While the public has been asked to be the ‘eyes and ears’ of a tobacco smoking ban, that surely should be the ‘eyes and noses’. It is extremely difficult to hear somebody smoking.
As a recent report stated, vaping is not smoking, and so there is no reason why vaping should be treated in the same way as smoking when it comes to public-places regulations.
Malaysia’s Ministry of Health seems to have acted sensibly in not applying graphic cigarette health warnings to heat-not-burn tobacco sticks.
The tobacco industry seems to have got its sums wrong when it predicted that cigarette prices would go down in the UK following the introduction of standardized tobacco packaging.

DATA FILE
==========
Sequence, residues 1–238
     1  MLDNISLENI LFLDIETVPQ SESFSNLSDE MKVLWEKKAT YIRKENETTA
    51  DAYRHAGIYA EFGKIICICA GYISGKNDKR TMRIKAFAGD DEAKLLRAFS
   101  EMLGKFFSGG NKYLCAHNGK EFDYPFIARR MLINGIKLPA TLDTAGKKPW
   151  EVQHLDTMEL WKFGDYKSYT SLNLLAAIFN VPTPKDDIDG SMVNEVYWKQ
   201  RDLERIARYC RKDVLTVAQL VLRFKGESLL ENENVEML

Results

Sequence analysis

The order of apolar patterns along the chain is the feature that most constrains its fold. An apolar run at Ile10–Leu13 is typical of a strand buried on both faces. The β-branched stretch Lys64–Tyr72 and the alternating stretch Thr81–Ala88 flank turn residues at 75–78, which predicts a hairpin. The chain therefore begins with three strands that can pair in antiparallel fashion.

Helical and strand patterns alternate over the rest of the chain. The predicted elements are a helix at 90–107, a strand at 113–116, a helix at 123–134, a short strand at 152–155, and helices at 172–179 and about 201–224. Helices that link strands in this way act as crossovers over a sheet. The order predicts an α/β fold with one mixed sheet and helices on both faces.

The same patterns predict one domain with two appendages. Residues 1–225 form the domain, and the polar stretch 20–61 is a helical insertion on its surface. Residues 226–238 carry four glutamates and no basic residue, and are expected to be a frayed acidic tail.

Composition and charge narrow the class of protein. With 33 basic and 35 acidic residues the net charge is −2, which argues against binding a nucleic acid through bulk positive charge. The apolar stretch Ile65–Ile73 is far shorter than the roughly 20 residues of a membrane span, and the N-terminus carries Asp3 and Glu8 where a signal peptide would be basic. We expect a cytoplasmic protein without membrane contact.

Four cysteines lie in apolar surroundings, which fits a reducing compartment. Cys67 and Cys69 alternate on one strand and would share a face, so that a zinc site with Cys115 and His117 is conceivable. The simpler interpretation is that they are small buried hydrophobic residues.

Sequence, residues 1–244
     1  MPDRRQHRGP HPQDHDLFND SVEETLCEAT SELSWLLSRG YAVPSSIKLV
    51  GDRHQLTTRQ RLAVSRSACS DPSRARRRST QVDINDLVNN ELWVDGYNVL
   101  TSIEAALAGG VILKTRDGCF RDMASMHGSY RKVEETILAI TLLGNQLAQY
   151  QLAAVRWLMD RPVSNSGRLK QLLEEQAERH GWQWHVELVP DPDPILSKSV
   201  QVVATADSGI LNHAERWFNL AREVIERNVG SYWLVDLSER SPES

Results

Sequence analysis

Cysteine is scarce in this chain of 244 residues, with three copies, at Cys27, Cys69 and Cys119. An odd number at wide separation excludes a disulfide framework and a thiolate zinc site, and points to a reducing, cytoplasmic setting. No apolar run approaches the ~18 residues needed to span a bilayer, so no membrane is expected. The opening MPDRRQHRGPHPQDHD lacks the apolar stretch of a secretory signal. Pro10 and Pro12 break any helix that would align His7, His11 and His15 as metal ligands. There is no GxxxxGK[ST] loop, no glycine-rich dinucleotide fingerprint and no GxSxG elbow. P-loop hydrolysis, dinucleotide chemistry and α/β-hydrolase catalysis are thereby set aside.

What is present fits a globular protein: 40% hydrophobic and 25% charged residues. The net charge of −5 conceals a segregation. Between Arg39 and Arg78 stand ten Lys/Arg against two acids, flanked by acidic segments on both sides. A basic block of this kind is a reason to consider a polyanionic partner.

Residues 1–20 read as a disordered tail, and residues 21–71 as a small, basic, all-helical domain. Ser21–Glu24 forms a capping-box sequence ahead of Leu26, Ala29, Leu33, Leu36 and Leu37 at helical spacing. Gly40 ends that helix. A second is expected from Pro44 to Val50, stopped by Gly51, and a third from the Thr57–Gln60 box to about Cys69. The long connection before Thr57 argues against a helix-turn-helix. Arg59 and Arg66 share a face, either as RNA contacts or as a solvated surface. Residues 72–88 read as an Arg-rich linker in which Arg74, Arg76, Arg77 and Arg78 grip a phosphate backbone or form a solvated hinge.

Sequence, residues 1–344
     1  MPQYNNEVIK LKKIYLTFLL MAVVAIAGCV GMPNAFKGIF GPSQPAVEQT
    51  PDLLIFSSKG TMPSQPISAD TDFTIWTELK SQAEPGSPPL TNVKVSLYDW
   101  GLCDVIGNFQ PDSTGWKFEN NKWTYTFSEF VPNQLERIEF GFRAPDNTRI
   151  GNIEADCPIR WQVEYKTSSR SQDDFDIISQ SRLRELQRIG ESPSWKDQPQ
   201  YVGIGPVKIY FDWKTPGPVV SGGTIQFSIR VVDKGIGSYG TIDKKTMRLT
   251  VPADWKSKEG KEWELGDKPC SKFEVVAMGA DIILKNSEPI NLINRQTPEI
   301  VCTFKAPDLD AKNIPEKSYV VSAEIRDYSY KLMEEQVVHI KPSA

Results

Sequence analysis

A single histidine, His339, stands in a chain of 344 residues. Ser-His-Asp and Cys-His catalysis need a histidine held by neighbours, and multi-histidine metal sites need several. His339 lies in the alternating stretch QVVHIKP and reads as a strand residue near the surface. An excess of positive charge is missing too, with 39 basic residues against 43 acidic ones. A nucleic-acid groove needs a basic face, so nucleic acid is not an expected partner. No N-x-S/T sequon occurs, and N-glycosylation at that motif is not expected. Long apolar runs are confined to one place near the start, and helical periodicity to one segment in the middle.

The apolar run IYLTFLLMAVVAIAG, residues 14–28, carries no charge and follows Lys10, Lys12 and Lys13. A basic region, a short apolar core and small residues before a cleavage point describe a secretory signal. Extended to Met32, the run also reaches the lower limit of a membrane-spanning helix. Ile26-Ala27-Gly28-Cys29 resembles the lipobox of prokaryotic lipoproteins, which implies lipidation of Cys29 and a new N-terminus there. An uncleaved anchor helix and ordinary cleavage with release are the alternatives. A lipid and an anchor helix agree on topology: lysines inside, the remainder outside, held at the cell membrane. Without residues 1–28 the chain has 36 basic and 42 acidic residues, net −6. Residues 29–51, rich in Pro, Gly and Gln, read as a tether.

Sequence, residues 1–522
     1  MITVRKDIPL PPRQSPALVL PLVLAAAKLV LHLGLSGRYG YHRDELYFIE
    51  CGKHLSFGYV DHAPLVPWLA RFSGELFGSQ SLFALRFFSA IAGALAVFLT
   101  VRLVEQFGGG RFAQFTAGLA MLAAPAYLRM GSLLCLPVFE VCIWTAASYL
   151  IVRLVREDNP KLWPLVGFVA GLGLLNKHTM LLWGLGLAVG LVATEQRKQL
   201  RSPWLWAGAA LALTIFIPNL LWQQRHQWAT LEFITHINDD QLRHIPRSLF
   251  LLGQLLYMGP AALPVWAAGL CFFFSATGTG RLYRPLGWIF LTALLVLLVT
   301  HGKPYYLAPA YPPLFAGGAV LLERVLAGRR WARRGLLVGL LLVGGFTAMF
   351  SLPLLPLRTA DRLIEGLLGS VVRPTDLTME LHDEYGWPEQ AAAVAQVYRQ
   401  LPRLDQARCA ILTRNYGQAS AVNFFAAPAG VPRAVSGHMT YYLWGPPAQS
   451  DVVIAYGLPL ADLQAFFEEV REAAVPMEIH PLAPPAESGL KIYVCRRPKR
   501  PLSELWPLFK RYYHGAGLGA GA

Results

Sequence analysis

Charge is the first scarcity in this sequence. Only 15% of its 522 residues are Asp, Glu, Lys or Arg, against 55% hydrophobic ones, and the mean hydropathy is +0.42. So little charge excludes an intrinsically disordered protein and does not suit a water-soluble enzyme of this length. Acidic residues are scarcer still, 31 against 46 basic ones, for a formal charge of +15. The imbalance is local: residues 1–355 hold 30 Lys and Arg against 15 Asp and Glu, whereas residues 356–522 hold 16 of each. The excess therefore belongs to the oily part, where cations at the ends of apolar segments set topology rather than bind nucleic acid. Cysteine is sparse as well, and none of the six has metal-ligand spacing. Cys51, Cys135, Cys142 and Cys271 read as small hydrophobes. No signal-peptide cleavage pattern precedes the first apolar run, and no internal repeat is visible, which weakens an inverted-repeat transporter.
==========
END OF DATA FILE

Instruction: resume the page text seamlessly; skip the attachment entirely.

Thai smokers could be forgiven for not noticing the move to standardized packs given that Thailand already requires that health warnings cover 85 percent of cigarette packs.
Tobacco products are due to be sold in standardized packs in Saudi Arabia starting on May 1.
It seems unarguable that while all stakeholders should be allowed to take part in policy discussions, it is essential that those behind the stakeholders are in clear sight. Cui bono?
New Zealand is currently behind in its quest to reduce its tobacco-smoking incidence to five percent by 2025, and it isn’t going to get there walking.
It’s a sign of the times, perhaps, that somebody seems to be out to profit from tobacco smoking bans.
A list of descriptors banned from e-liquids sold in Oregon seems to cover the field: from sweet through tangy to tart.